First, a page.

5. Eyes Wide Shut
Similar to “Lolita,” I went into “Eyes Wide Shut” with a lot of skepticism. I heard it was somewhat disjointed and obviously knew about its extreme subject matter. Luckily, I was immensely surprised at just how magnificent it was.
“Eyes Wide Shut” is Kubrick’s detective film, following Bill (Tom Cruise) on a journey that becomes more and more nightmarish as he discovers how deep the hole he dug himself into is. The film is a tragedy about self-doubt, loneliness, and inadequacy. Instead of trying to rebuild his struggling marriage and become a warmer, more open person, he runs away from his issues and endangers those he loves.
This film has my favorite Tom Cruise performance. It’s appropriately subtle and full of contemplation, with Cruise consistently appearing tired and/or looking inward throughout the film. I also think “Eyes Wide Shut” has the best dialogue out of any Kubrick film (except for one monologue at the end, which I’ll get to). There’s a perfect balance of realism and sensationalism in the conversations and monologues, adding to the nightmare setting. Plus, I need to mention the score by György Ligeti and Jocelyn Pook. It’s such a simple theme that’s so effective and just as chilling as any other element of “Eyes Wide Shut.” Every aspect of the film is engineered to put the audience on edge.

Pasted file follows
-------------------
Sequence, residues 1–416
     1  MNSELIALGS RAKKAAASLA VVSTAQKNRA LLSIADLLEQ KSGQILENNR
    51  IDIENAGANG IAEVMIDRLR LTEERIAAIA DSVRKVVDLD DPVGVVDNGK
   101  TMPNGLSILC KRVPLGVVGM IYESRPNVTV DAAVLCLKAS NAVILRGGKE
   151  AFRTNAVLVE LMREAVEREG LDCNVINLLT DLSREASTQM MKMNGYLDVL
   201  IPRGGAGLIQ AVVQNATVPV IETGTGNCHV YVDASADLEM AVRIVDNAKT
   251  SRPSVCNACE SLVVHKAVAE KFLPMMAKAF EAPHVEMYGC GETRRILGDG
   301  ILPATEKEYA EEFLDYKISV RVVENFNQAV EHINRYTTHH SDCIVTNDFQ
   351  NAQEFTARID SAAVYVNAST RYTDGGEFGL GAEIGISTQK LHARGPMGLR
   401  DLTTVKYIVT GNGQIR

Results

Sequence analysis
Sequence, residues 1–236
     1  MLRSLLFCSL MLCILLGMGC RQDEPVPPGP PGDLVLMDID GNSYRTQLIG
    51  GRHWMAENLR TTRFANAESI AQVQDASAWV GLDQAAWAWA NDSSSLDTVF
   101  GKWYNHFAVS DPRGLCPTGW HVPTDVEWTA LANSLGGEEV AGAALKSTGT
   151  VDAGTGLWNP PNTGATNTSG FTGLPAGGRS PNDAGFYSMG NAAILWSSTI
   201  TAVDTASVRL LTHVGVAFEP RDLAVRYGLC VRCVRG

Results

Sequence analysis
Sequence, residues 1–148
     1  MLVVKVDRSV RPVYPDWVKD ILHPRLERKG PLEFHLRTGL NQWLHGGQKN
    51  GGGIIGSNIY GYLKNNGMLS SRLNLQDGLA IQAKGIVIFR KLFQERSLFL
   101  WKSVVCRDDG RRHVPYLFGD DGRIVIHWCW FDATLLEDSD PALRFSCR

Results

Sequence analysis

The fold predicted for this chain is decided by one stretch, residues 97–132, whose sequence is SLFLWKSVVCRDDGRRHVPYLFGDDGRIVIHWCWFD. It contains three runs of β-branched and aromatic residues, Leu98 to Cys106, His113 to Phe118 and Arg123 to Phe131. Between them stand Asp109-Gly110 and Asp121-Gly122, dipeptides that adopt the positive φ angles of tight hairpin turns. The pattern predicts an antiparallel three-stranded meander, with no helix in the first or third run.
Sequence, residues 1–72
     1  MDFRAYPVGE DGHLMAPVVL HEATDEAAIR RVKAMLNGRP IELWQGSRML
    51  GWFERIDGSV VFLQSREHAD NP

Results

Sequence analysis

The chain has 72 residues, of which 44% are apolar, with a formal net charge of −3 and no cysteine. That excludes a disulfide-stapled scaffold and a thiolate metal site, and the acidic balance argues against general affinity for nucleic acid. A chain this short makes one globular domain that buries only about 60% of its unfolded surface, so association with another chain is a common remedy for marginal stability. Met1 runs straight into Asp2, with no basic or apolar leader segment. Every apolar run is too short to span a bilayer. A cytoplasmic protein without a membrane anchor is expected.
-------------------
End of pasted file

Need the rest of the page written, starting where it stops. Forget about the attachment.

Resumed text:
While I adore “Eyes Wide Shut,” I do have a relatively large nitpick, which is the exposition dump toward the end. Sydney Pollack’s monologue in the billiard room was surprisingly lazy for a Kubrick film. The entire mystery is explained to the audience, even though many of the answers are either implied or unnecessary. That said, this is only one scene in an otherwise phenomenal movie.
4. Barry Lyndon
“Barry Lyndon” is one of Kubrick’s most visually impressive films, as it looks more like a motion painting than a motion picture. Using special lenses from NASA and slow zoom techniques, Kubrick crafted one of the most gorgeous films ever made. Each frame looks like an 18th century painting with the brilliant costume design, precise movements of the actors, and immaculate sets. This is one of the most immersive cinematic experiences I’ve ever had.